‘I’ve got my own work to do,’ Curt said as he started to lay folders down on his side of the table. ‘But I’ve got a rough order for you to do things in, and I’m here if you get stuck.’ He slid a presentation folder onto her side of the table. The cover bore the grey circle that was the Agency logo, and the words “Module Eighteen” in white font. ‘Comms training,’ he said. ‘If we get nothing else done tonight, this is going to be of the most use to you.’ He settled into his chair, set both of his phones onto the table, then looked up at her. ‘You can sit, you don’t need an invitation.’
‘What if I’m a vampire?’ She slammed her hands onto the table. ‘Are vampires real?’ she asked, her voice an angry squeak. ‘I don’t want them to be real, they’re annoying!’
‘Er- Then you’re in luck,’ he said. ‘Some wild fae like to drink blood, but that’s more a side-effect of indulging in cannibalism than it is to mimic the lifestyles of the rich and pasty.’ He smirked. ‘I mean, are you a vampire? I think if you were in the sun any longer today you would have burst into flames.’
‘I’m just the regular nerd amount of burny,’ she said as she settled into the surprisingly comfy chair.
‘Speaking of rich,’ he said, and dug into his jacket pocket. He slid a business card across with an elaborate file address on it. ‘Your bag. Ryan didn’t shift it back, so I had the Techs grab it, it’s ready to be shifted in whenever you want. Your phone will be able to read the address. Just don’t grab it now; otherwise you’re going to have ask me really nicely to carry it back to your room.’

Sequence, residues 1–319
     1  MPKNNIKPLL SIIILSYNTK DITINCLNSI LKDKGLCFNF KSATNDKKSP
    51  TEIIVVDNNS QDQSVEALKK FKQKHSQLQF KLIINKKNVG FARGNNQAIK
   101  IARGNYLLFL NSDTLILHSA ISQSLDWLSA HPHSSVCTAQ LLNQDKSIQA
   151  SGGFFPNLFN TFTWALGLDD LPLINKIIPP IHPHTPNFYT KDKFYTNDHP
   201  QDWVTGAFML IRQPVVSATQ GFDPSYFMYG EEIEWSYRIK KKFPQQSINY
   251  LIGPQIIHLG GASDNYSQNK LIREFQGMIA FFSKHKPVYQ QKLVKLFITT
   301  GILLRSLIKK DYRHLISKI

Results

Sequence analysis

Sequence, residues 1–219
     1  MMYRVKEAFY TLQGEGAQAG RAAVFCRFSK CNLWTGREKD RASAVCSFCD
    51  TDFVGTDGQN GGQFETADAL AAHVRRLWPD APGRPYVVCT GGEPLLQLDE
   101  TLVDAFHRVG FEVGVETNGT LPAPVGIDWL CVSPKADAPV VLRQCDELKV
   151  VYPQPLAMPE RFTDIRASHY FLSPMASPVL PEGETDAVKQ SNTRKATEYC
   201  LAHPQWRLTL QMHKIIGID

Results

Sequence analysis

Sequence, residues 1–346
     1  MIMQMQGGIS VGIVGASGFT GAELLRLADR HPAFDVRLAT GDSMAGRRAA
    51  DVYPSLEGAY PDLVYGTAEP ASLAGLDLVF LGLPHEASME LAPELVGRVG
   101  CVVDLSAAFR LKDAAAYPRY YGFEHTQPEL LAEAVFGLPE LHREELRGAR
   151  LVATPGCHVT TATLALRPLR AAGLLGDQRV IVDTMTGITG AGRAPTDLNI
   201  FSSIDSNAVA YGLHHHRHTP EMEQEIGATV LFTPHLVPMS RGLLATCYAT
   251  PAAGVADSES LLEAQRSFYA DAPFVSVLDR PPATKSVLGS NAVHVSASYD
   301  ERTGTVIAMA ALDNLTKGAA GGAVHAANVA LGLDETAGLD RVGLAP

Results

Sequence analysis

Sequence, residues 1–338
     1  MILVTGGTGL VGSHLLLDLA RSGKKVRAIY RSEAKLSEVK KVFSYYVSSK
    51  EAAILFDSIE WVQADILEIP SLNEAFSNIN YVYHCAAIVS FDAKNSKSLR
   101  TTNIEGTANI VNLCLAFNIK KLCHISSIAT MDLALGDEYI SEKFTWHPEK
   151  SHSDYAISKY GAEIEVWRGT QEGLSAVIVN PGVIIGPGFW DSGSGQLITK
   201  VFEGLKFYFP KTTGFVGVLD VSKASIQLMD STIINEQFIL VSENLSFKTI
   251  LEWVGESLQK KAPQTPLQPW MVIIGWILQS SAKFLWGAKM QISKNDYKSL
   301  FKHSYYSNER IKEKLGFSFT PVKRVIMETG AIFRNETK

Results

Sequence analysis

She looked at the card, then stared at the ceiling, half-expecting the vandalised Louis to drop from the ether. ‘...where is it now?’
‘Either storage or more likely shift suspension. Just think of it as being stuck in the transporter buffer, except the pattern’s not going to…’ he slowly trailed off, as if he’d said nothing wrong.
‘You’re a fucking Trekkie,’ she said, forcing herself to look him in the face. ‘I didn’t put it together when you did lasers versus phasers, but this- You’re a fucking Trekkie!’ She grinned, and he winced. ‘And you-’ She half-stood and lunged across the table to press her fingers against the logo of his fae phone, as he’d done to show off the lighting effect.
Just as when he’d shown her originally, it cycled through a pattern of red, blue and yellow. ‘Command, science and engineering. You even programmed your phone to do it.’ She slid off the table and back into her chair. ‘This might make talking to you easier, now that I know you can understand-’
‘I am barely fluent in nerd,’ he warned. ‘And I do prefer the original series, the colours are TOS colours, if you care to notice.’
‘So why didn’t you put command gold first?’
He reached over and tapped the Module Eighteen folder. ‘Do this, and I may even tell you who my favourite captain is.’ He smiled. ‘And keep my secret? I’ve got a reputation.’
She flipped open the module, then booted up Frankie, connected to the intranet and found the associated online component.
Across the table, Curt quietly worked on a document, occasionally stopping to check something on one of his two phones or to take a bite from a gourmet-looking burger.
She closed Frankie’s lid and required herself a bowl of pasta. ‘I’m not an expert,’ she said, ‘but doesn’t work, like, traditionally end at five or something? You’re literally working through dinner, and today didn’t seem that busy. You had time to fuck around with taking me to breakfast.’ Two plus two suddenly equalled a guilty four. ‘Or, um,’ she stared at her fork. ‘Is that why you’re working late now?’